Self-destructing mosquitoes are maybe possibly my favourite invention of the century. OK, smartphones and Spotify are pretty great, too, but having just spent a couple of weeks in bug-infested New England, I might be a tad biased.
Mosquitos, as we know, are one of the main vectors of infectious disease worldwide, particularly in the tropics. Every year, the little bastards are responsible for 400 million cases of dengue fever and 300 to 600 million cases of malaria, not to mention yellow fever, chikungunya, and many, many more illnesses. Some mosquitoes are worse than others: the leading culprit behind many tropical diseases, for instance, is Aedes aegypti, a critter that thrives in urban areas and is highly resistant to insecticide.
In an experiment that might be construed as evil if we weren't talking about mosquitoes, the insect control company Oxitec decided to see what happens when Aedes aegypti eggs are injected with a custom gene that hinders development. The gene doesn't kill the mosquitoes outright, it simply prevents their offspring from reaching sexual maturity.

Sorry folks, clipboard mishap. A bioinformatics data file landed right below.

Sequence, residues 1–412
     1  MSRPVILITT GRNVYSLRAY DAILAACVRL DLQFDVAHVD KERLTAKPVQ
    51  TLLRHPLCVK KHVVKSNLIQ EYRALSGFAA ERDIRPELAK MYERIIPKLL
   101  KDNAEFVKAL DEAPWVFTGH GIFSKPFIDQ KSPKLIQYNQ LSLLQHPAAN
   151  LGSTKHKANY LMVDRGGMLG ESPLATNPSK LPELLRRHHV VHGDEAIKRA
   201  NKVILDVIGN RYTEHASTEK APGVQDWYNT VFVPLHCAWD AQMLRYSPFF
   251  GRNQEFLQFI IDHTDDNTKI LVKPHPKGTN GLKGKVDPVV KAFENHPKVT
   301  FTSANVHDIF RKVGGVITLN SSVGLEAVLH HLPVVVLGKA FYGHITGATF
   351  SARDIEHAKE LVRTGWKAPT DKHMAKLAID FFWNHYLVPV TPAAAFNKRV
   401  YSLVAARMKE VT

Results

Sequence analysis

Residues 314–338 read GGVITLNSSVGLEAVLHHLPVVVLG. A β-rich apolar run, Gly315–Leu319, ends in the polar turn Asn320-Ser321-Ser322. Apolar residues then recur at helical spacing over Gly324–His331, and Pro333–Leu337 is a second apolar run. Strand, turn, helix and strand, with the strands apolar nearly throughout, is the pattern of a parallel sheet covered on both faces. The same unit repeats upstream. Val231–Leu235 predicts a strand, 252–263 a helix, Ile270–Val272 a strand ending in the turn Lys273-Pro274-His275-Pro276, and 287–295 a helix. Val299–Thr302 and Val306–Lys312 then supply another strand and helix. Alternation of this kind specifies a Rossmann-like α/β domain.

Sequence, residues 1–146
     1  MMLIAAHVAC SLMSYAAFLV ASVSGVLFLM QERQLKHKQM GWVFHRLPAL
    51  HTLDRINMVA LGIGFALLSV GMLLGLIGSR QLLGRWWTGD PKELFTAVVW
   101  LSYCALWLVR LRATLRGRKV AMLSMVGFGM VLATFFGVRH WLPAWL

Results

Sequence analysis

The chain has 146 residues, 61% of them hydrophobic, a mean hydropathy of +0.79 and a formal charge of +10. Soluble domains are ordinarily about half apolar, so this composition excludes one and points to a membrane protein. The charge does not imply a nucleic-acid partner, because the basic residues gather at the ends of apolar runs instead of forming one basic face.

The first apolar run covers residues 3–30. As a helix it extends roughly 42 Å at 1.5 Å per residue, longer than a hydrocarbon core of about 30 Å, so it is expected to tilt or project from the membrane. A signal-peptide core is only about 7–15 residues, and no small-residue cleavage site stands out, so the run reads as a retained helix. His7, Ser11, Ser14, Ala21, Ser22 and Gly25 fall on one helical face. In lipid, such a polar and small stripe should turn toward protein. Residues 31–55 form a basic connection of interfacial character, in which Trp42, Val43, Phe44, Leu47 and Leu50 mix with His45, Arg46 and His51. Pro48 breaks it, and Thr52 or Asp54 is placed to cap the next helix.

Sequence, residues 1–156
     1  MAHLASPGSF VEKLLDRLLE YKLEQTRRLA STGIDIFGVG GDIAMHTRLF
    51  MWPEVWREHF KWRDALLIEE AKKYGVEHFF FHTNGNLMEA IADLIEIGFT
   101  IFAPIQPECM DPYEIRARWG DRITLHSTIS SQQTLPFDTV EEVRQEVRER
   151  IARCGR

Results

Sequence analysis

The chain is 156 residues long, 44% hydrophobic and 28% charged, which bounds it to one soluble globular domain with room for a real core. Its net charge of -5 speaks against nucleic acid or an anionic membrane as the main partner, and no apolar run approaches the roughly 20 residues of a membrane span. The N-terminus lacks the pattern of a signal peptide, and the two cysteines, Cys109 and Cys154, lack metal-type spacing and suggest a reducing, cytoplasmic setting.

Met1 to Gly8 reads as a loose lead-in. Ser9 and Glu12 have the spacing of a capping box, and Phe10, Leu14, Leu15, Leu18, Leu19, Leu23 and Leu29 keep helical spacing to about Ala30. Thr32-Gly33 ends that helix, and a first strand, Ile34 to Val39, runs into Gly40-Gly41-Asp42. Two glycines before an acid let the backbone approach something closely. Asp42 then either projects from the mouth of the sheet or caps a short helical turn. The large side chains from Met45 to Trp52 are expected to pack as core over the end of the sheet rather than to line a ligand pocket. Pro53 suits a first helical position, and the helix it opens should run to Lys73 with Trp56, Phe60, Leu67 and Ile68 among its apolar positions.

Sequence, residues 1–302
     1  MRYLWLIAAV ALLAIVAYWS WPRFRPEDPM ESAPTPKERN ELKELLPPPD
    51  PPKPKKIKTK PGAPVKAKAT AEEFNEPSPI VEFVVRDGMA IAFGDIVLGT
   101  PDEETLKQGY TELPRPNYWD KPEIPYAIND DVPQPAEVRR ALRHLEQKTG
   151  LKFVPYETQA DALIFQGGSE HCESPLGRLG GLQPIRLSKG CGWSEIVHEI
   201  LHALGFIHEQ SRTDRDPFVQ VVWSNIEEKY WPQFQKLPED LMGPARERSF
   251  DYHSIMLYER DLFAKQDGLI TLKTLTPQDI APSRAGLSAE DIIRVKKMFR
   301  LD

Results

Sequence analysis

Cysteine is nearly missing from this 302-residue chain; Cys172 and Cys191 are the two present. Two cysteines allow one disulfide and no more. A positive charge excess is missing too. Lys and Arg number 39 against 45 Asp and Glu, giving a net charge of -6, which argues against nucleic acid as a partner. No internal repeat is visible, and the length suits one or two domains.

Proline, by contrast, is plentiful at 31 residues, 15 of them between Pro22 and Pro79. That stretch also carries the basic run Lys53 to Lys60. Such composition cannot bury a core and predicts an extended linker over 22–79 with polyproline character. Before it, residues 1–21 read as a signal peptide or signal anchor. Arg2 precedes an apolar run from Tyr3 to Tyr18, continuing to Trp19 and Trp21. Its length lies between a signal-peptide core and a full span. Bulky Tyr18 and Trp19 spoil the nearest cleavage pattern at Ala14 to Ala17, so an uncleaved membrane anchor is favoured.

Once its genetically modified self-destruction bugs had reached adulthood, Oxitec began field trials, releasing them into the wild in dengue-ridden regions of Panama, Brazil, Malaysia, and the Cayman Islands. By unleashing 'a sufficient number of male mosquitoes' to outcompete the local bugs (this sounds like a horrifying experiment, if well intentioned), the company was able to suppress wild populations by over 90 per cent. Oxitec is planning additional trials for the Florida Keys later this year, pending FDA approval.
The idea of releasing genetically modified mosquitoes to suppress wild populations isn't new — in fact, the World Health Organisation has been promoting the strategy for years — but the recent effort represents one of the largest and most successful field trials to date. Still it's not entirely clear that genetically-modified bugs will become a long-term solution: Genes that have a negative effect on a population tend to get weeded out, quickly, by natural selection. And viruses have a nasty way of jumping from one host to another. It will take several years of field data to be able to say with any confidence that we've made a lasting dent.
Still, eliminating nine out of ten wild mosquitoes — without insecticide — is no small feat, and I for one am very interested to see how this effort develops.
Top image via Shutterstock